Home  »  Volume XIV: English THE VICTORIAN AGE Part Two The Nineteenth Century, III  »  § 14. The Scottish School of Rhetoric

The Cambridge History of English and American Literature in 18 Volumes (1907–21).
Volume XIV. The Victorian Age, Part Two.

XIV. Education

§ 14. The Scottish School of Rhetoric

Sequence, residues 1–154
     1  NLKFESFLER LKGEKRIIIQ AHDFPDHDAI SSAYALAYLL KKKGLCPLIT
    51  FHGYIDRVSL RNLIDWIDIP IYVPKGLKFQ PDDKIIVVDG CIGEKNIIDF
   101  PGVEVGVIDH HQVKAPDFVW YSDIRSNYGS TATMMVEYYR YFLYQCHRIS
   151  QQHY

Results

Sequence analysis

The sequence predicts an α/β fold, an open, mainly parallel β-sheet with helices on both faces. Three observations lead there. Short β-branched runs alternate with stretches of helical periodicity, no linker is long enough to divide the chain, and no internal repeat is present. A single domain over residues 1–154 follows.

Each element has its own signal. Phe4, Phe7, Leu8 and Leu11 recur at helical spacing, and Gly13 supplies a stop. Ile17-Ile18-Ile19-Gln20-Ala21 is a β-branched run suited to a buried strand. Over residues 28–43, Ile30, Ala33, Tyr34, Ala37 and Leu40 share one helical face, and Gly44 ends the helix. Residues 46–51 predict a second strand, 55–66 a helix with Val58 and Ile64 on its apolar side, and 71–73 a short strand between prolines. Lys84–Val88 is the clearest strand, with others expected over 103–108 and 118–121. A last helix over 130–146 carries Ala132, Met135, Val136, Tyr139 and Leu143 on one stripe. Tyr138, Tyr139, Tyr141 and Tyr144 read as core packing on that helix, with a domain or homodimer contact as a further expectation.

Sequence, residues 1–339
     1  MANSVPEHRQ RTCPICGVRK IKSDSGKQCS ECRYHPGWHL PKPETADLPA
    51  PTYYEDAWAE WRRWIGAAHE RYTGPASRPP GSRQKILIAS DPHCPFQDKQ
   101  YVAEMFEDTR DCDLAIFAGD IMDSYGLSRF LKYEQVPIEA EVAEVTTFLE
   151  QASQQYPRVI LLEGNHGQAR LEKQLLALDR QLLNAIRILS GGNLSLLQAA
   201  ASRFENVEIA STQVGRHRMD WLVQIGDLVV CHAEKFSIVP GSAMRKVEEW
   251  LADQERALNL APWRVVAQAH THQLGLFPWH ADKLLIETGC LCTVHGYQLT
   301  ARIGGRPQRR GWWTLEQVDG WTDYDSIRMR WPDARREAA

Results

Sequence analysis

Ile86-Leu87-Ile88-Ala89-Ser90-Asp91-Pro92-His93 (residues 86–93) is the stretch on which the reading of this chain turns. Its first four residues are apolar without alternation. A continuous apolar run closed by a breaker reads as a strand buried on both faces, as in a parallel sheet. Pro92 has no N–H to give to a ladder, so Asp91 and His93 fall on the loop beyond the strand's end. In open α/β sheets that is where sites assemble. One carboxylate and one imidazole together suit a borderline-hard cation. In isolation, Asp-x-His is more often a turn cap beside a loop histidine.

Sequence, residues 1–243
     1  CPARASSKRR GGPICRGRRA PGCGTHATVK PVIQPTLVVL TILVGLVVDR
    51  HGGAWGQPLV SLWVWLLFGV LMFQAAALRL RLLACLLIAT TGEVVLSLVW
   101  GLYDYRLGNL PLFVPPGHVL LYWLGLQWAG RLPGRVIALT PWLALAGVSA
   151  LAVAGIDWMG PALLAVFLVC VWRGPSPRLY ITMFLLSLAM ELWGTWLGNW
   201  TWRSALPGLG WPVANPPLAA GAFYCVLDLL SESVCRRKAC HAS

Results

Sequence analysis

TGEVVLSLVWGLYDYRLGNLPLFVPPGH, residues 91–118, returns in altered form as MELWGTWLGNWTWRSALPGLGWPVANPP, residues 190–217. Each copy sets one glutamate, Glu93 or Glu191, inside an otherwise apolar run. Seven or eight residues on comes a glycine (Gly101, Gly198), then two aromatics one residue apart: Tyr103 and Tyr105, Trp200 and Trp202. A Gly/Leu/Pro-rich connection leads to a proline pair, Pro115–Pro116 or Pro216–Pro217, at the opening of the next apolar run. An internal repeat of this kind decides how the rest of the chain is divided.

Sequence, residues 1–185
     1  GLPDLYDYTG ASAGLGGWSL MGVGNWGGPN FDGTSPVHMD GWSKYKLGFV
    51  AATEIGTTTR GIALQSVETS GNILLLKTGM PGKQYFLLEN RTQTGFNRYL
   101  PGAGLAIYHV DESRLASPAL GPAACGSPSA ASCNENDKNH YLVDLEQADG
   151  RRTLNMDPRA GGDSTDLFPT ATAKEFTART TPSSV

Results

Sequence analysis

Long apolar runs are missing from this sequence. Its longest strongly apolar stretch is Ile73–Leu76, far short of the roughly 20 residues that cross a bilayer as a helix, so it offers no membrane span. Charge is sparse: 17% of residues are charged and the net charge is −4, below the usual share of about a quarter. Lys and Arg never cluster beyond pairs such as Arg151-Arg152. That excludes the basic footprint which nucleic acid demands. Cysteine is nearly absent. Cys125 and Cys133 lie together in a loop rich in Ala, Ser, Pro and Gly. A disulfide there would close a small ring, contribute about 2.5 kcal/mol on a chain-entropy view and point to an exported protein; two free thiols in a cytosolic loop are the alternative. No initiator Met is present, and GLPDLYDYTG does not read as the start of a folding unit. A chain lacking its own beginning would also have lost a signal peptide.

The beginning of “the Scottish school of rhetoric” was almost contemporary with the labours of Sheridan and Priestley. The earliest utterances of this school are to be found in the Essays (1742 and 1758) of David Hume, but its earliest separate publication was Elements of Rhetoric (1762) by Henry Home, lord Kames. From 1759 onwards, Hugh Blair lectured on “composition” in Edinburgh with such success that a chair of rhetoric and belles lettres was founded for him there in 1762. The professorial discourses delivered during his occupancy of this chair were published in the year of his retirement as Lectures on Rhetoric and Belles Lettres (1783). The mark of this Scottish school is the attempt, not uniformly successful, to elaborate from the associational psychology of the time a doctrine of taste and rules for its expression in the arts, particularly in the art of composition. The psychology and the rules and doctrine professedly deduced from it wear a detached air in the writings of Blair and Kames; in spite of their repudiation of great names and their desire to build empirically, none of the school shakes himself quite free from Aristotle and the great literary critics. But they did good service in a period greatly inclined to an exclusive rationalism by asserting the fundamental nature of emotion and its necessary part in the production and enjoyment of all forms of art; their pupils were prepared to welcome wholeheartedly the literary principles of Wordsworth, Byron and Scott. George Campbell’s The Philosophy of Rhetoric, begun in 1750 and published in 1776, succeeds best in presenting its theme systematically and without much embarrassment from its psychological groundwork; Campbell remains to this day a helpful critic of diction, though he is sometimes meticulous in cases where his own sound criterion of “reputable use” is against him. Blair’s three-volume Lectures is a magazine for reference rather than an ordered system of instruction; as tutorial work to be used in large classes, the lectures may have proved interesting and useful to attentive students, but, as a book, they are very tedious. The third volume presents in germ the general idea of literature distinguishable from its various national varieties. A secondary feature in the teaching of the Scottish school is the great importance which it attributed to the arts of public reading and speaking. In the distinct course of study proposed by Knox (Liberal Education, 1781), he included these accomplishments, on the ground that English ought to form a great part of an English gentleman’s education. Enfield’s The Speaker (1774) quickly established itself in common use and long retained its vogue as an authoritative anthology of “recitations” from Shakespeare, Sterne, Pope and more modern writers; its author, who was a tutor at the Warrington academy after Priestley’s time, expressly intended his book to be associated with the Scottish teaching of rhetoric. Its early success points to a considerable number of schools and schoolmasters in sympathy with some recognition of the vernacular as an educational instrument.